Len Sklar has another great post up on cash management and collection issues: “Five Choices When You Can’t Collect The Debt” where he outlines the pros and cons of the following options when you “can’t collect.” He opens with a definition of what that means:

First, let’s clarify the phrase “can’t collect”.  That includes accounts that absolutely refuse to pay, those that are constantly stalling or making empty promises, accounts where the unpaid balance is very small, and other practical considerations such as lack of time to do collection work.  Regardless of the reason, here are the five key outside choices whenever it makes sense to stop working internally to collect an account.

The sequence shown below is in the order of the least to the most expensive.  It is also, not surprisingly, from the least likely to produce dollars for you to the most likely.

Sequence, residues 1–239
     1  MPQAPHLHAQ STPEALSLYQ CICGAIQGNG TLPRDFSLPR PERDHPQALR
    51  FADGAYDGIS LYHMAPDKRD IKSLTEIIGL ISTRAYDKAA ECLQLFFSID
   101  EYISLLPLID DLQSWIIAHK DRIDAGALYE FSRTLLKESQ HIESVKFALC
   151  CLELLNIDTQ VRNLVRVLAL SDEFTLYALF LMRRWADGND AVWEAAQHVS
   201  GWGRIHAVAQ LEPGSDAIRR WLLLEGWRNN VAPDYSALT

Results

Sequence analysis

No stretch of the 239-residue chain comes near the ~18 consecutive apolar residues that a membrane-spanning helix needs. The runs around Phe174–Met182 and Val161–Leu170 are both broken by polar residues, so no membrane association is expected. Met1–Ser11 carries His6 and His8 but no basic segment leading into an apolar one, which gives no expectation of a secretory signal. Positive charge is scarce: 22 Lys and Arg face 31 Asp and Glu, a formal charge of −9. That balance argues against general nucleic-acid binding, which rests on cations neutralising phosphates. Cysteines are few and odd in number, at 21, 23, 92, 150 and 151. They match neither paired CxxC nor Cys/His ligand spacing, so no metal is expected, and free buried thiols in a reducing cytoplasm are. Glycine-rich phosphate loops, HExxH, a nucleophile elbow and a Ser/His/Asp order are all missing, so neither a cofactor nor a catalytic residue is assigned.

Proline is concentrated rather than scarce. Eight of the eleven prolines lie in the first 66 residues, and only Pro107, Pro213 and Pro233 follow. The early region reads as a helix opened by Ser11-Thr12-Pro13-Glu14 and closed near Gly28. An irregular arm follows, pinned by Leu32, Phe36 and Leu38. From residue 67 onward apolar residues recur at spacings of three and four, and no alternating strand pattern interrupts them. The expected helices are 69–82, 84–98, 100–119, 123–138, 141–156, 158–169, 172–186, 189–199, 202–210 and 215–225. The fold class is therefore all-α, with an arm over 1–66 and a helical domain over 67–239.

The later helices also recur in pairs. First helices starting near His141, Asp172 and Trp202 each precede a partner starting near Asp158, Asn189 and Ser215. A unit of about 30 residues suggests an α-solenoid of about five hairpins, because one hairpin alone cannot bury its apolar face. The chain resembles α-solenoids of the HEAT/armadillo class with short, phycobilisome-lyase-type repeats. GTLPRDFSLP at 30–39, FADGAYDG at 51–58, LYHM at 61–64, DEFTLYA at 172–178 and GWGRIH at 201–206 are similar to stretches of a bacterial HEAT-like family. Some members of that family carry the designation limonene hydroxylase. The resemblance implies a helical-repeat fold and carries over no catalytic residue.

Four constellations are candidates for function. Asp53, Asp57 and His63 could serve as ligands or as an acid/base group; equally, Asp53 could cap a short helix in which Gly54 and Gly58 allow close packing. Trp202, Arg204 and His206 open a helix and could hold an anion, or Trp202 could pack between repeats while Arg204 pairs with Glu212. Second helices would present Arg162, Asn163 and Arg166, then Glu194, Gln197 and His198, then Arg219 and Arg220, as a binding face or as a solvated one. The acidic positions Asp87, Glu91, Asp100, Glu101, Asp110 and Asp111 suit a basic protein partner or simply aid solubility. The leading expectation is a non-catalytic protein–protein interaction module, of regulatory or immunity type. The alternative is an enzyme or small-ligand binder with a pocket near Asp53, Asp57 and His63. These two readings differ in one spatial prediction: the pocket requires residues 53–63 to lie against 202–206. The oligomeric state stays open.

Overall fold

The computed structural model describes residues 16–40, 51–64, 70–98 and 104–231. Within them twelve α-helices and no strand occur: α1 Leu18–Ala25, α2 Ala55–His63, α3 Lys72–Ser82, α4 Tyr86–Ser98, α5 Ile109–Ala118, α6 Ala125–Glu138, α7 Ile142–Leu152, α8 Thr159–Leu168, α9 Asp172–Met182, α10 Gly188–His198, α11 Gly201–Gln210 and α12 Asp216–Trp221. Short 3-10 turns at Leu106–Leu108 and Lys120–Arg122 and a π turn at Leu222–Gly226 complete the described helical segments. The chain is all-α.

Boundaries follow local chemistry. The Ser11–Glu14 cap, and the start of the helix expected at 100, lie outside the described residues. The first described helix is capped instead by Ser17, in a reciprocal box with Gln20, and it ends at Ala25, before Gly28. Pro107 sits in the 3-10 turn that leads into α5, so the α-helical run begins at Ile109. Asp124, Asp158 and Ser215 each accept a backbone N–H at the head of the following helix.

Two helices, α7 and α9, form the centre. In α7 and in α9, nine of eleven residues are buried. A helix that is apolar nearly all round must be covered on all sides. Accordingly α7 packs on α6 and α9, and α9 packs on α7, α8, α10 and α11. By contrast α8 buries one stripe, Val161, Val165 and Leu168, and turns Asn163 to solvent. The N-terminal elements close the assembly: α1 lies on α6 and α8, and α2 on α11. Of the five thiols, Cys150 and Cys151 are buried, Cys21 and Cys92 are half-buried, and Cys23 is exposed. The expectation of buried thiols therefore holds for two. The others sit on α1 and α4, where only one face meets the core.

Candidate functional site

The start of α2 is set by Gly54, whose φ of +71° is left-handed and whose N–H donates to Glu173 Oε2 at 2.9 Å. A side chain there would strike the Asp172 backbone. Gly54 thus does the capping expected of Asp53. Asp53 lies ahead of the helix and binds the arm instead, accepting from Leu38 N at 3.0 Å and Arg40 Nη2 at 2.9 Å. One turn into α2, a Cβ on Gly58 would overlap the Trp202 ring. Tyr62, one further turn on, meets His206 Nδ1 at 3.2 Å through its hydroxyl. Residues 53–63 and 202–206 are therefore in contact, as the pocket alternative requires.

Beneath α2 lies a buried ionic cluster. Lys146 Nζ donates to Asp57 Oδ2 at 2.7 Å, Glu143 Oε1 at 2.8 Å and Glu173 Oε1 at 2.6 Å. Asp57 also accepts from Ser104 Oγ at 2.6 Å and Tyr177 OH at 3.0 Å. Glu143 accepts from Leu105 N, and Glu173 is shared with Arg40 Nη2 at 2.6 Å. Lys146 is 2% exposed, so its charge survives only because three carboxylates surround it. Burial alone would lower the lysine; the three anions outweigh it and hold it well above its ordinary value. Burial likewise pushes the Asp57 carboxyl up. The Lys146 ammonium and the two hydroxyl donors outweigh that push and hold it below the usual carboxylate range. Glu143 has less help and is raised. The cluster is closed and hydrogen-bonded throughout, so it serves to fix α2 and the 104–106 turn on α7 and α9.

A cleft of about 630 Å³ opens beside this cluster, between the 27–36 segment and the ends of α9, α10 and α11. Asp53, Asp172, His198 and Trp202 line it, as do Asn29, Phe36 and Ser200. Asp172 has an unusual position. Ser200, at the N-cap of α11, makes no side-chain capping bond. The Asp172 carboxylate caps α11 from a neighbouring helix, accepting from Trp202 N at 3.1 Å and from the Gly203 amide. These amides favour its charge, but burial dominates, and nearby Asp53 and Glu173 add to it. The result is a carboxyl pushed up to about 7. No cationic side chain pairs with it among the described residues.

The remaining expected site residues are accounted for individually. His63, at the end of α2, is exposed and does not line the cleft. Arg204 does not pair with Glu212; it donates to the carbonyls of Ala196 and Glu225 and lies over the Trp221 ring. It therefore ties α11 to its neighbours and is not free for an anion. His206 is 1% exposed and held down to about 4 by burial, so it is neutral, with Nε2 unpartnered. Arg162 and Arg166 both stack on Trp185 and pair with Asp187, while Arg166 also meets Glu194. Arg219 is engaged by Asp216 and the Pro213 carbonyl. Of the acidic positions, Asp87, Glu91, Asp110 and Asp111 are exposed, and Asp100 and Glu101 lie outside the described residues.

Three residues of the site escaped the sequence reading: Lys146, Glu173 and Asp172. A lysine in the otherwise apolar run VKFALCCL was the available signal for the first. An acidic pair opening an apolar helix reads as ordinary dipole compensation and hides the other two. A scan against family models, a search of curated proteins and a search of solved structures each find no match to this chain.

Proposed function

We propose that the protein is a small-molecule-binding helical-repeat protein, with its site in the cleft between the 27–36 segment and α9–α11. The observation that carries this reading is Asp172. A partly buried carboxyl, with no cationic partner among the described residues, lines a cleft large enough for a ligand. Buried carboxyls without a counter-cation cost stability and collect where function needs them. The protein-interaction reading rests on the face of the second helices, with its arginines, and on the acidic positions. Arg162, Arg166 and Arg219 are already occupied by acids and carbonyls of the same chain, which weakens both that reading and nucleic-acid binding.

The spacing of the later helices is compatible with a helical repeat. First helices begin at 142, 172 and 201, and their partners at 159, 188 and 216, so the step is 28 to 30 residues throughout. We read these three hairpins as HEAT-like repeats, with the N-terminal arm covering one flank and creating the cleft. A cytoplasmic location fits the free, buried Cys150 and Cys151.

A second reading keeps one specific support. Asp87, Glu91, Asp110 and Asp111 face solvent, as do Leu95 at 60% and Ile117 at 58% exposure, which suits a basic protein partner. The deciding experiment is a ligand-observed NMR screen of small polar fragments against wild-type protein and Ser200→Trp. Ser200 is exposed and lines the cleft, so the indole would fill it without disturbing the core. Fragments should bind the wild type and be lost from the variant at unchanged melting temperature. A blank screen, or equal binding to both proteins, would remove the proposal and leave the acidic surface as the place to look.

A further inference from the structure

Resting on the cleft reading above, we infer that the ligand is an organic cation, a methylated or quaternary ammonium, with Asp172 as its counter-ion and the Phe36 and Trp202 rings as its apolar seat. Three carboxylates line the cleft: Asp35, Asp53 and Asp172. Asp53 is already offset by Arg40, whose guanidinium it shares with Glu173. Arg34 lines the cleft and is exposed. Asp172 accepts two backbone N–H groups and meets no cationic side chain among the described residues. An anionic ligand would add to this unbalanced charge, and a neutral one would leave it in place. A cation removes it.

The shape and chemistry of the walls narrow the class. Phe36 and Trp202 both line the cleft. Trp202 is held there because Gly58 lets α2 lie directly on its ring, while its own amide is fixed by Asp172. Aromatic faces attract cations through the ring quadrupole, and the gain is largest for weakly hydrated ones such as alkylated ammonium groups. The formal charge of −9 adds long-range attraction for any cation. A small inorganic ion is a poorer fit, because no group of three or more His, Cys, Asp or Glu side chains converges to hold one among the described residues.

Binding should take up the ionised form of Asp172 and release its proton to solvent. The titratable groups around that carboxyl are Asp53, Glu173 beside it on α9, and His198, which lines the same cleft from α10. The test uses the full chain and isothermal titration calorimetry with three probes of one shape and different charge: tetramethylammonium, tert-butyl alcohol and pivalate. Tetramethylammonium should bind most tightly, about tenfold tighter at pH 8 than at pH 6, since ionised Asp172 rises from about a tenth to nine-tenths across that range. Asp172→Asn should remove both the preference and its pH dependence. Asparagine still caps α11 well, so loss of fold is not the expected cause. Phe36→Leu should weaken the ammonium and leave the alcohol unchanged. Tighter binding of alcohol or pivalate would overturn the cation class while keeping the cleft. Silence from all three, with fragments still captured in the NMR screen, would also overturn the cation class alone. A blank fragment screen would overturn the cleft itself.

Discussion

His five options:

  1. Write Off The Account And Forget It
  2. Pre-Collection Letter Service
  3. Small Claims Court
  4. Letter From an Attorney
  5. Collection Agency

His most important advice is when to start doing something, which is within three to four months of the debt going past due.

Another key consideration is WHEN you bring in the outside service, and the answer is: the sooner the better.  As I’ve observed in another blog, the average credit grantor waits from 9 to 10 months before using one of the five choices listed above.  That’s twice as long as good business practice requires.  You could, or should, know where you stand with the majority of delinquent accounts, in three or four months, which is the optimum time to use one of the five outside choices.